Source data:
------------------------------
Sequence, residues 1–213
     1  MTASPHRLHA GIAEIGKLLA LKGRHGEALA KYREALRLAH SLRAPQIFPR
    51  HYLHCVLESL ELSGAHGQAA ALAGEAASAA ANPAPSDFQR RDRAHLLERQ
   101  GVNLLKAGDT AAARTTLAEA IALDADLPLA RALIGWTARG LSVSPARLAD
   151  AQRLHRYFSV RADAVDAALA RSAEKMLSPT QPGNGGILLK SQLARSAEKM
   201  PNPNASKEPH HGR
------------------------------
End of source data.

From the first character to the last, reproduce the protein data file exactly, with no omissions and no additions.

Sequence, residues 1–213
     1  MTASPHRLHA GIAEIGKLLA LKGRHGEALA KYREALRLAH SLRAPQIFPR
    51  HYLHCVLESL ELSGAHGQAA ALAGEAASAA ANPAPSDFQR RDRAHLLERQ
   101  GVNLLKAGDT AAARTTLAEA IALDADLPLA RALIGWTARG LSVSPARLAD
   151  AQRLHRYFSV RADAVDAALA RSAEKMLSPT QPGNGGILLK SQLARSAEKM
   201  PNPNASKEPH HGR